A sacrifice made to God by the ancient Hebrews at the Temple in Jerusalem.
Origin of corbanMiddle English, from Late Latin, from Greek korbān, from Hebrew qorbān, from qārab, to approach; see qrb in Semitic roots.
- An offering to God, especially in fulfilment of a vow.
- Mark 7.11. But you say, 'If a man tells his father or his mother, "Whatever profit you might have received from me is corban, that is to say, given to God;"'
- An alms basket; a vessel to receive gifts of charity; a treasury of the church, where offerings are deposited.
- In the Old Testament, the Hebrew word is usually translated oblation, as in Numbers xviii. 9, xxxi. 50.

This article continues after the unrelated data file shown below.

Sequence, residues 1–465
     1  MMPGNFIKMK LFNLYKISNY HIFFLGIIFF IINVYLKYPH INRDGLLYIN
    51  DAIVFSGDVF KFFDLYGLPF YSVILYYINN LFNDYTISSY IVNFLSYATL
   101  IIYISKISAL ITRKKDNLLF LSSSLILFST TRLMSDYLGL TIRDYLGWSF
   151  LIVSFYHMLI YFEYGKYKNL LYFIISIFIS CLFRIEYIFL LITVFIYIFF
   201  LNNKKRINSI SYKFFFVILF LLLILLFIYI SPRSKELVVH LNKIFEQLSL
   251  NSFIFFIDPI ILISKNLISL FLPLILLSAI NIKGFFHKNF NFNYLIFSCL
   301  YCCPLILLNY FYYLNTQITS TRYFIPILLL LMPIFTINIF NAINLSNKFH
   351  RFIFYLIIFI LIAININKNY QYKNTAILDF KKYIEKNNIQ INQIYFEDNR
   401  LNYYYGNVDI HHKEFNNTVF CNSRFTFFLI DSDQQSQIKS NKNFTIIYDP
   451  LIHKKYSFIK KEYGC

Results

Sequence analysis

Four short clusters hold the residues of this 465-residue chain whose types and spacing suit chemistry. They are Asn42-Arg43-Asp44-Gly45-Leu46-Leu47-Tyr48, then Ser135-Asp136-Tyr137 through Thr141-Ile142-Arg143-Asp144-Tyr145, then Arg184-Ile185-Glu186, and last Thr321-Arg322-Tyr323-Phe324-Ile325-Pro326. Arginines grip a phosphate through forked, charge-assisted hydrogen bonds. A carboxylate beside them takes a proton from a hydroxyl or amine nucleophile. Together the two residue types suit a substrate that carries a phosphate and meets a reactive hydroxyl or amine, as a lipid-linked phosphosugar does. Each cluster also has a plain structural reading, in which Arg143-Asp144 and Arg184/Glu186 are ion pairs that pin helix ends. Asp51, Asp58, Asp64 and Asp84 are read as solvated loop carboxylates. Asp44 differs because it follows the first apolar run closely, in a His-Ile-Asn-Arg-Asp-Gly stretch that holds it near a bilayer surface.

- The traditionists laid down that a man might interdict himself by vow, not only from using for himself, but from giving to another, or receiving from him, some particular object, whether of food or any other kind. A person might thus exempt himself from assisting parents in distress, under plea of corban.
From Ancient Greek κορβᾶν (korban), from Hebrew קָרְבָּן (korban, “offering, sacrifice”). Found in the Bible at Mark 7.11.